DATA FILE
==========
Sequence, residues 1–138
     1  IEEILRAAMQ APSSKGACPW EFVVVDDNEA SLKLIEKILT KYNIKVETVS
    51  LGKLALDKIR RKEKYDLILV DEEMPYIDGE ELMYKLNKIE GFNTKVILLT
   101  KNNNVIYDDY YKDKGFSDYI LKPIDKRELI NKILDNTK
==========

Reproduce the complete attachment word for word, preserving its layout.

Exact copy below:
Sequence, residues 1–138
     1  IEEILRAAMQ APSSKGACPW EFVVVDDNEA SLKLIEKILT KYNIKVETVS
    51  LGKLALDKIR RKEKYDLILV DEEMPYIDGE ELMYKLNKIE GFNTKVILLT
   101  KNNNVIYDDY YKDKGFSDYI LKPIDKRELI NKILDNTK